This Choose Your Own Adventure type of nonfiction book was interesting but very difficult to navigate with an E ARC. In order to get the pictures, again, the print had to be very small, and the page numbers to which one needs to turn to explore different story possibilities do not coincide with the E ARC page numbers. I ended up reading the book straight through and trying to figure out which ending went with which operations. There were three missions with a variety of endings, some of which did indeed end with “you” dying or other bad outcomes. Additional information about the special forces and real missions made this a book that my boys who like to read about military activity will absolutely adore. These are very short and rather expensive, but will circulate like crazy. Other titles in this Capstone Press series include surviving in the jungle, Antarctic, Wilderness and Titanic. I will have to look into these as well and if they are Accelerated Reader titles will definitely purchase.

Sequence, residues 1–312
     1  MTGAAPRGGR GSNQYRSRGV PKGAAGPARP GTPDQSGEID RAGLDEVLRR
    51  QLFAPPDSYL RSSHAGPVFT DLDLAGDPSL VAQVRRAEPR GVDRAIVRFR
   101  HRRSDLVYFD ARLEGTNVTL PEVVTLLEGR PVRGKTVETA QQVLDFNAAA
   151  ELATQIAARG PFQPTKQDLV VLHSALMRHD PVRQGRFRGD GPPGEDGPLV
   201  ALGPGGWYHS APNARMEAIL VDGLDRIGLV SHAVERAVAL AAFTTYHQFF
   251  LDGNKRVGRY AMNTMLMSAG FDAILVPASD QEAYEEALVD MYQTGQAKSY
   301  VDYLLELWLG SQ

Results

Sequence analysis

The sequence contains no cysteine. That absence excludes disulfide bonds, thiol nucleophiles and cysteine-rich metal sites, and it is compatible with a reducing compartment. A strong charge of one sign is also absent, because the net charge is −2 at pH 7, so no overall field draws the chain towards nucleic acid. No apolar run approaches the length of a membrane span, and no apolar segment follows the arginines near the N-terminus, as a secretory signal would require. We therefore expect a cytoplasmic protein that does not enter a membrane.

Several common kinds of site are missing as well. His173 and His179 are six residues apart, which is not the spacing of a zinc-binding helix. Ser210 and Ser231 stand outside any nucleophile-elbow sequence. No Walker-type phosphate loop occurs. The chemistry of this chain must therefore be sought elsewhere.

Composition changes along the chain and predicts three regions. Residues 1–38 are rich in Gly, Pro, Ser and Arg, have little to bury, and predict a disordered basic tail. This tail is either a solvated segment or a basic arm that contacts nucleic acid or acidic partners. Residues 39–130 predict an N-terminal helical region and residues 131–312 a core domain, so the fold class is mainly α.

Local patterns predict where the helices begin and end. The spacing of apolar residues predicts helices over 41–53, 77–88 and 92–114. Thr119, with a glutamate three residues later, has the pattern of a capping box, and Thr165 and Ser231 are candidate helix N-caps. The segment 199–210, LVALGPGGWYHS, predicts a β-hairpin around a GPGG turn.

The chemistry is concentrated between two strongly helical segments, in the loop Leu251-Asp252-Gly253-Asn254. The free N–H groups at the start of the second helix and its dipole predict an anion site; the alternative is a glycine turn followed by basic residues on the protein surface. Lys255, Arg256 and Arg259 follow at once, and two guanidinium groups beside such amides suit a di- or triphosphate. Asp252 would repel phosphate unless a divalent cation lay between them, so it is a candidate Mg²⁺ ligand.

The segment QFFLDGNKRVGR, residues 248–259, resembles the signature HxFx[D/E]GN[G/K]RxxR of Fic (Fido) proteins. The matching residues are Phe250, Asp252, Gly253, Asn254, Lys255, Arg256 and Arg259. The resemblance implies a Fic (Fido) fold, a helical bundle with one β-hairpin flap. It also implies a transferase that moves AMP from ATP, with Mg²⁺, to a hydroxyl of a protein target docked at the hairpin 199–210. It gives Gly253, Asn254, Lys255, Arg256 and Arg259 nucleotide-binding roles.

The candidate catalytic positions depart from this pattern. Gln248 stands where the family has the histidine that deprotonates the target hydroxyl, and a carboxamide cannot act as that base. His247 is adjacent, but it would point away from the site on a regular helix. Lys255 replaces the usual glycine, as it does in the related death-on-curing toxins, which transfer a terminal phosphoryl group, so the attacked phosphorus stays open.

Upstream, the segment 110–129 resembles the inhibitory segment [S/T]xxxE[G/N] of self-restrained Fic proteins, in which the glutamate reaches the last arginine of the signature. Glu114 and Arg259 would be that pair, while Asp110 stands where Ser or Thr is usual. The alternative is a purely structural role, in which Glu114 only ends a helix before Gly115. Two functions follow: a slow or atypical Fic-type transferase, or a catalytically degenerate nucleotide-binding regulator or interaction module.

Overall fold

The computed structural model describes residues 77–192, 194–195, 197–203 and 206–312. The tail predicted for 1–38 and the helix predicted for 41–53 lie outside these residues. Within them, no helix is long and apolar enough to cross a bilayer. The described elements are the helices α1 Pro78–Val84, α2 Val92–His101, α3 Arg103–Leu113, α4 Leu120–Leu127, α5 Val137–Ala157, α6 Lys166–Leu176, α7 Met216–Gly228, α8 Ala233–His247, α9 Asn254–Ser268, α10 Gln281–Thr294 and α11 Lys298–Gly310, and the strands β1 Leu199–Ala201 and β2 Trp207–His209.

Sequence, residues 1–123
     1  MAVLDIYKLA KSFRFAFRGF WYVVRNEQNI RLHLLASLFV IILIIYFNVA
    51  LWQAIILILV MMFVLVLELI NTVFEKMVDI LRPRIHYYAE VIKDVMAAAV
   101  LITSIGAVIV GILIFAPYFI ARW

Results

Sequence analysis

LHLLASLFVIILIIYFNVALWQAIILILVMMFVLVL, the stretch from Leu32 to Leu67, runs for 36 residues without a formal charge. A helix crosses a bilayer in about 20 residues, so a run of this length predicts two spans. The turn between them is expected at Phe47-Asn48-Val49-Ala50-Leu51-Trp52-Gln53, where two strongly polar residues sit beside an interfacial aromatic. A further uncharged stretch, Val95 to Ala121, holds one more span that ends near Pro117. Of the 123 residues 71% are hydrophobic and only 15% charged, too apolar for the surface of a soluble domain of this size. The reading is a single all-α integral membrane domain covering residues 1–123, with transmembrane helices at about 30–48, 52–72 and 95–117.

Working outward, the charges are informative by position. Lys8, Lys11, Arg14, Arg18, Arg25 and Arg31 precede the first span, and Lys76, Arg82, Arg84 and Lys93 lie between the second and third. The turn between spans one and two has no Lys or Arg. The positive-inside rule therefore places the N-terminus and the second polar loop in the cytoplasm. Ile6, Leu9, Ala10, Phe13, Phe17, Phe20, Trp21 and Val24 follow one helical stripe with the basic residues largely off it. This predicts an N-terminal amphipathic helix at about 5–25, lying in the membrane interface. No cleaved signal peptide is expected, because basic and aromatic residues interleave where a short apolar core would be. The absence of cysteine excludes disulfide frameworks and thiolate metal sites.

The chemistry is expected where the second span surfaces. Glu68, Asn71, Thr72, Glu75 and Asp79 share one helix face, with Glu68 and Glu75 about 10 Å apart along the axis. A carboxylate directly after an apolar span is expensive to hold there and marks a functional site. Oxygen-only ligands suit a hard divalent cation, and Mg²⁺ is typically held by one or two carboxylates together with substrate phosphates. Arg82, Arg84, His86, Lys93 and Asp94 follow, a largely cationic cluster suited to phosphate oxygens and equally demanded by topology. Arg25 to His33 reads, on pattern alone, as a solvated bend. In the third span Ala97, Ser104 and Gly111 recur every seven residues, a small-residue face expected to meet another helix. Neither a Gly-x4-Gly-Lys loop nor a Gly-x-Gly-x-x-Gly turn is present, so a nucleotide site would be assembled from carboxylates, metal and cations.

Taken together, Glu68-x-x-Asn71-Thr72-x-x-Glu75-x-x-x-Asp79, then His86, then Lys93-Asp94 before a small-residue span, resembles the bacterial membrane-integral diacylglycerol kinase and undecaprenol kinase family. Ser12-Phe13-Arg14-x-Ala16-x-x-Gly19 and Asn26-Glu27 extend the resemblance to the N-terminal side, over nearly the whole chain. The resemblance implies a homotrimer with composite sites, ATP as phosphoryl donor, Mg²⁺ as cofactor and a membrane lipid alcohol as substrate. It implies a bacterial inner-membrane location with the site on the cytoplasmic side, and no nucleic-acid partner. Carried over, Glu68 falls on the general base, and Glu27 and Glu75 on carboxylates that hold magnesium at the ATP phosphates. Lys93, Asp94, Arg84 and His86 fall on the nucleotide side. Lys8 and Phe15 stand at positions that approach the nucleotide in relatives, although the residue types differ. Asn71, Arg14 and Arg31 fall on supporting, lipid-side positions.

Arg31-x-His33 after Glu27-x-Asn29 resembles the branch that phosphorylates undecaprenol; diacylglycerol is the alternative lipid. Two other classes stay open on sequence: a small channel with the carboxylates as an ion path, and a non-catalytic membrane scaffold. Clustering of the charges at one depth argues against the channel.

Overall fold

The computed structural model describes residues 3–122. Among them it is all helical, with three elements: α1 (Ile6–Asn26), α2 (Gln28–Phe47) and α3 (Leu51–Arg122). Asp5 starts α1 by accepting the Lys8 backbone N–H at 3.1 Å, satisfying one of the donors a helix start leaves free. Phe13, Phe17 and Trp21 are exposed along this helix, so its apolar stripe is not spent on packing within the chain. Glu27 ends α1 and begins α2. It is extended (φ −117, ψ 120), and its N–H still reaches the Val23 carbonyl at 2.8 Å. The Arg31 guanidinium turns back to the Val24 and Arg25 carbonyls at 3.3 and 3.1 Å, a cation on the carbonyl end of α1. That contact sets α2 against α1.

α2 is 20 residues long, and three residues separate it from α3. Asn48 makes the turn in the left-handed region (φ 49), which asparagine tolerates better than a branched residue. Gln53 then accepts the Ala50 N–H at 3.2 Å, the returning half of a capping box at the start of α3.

Middle Grade Monday-- Problems

Happy Marvelous Middle Grade Monday! Head over to Shannon Whitney Messenger's Ramblings of a Wannabe Scribe for a list of bloggers who participate! Here are two books that I can see being nominated for the Cybils in Middle Grade Fiction. Both would be good to read with classes, although the sad and serious tone of both make them less likely that students will pick them up for fun.

MacLachlan, Patricia. Kindred Souls.
7 February 2012, Katherine Tegen Books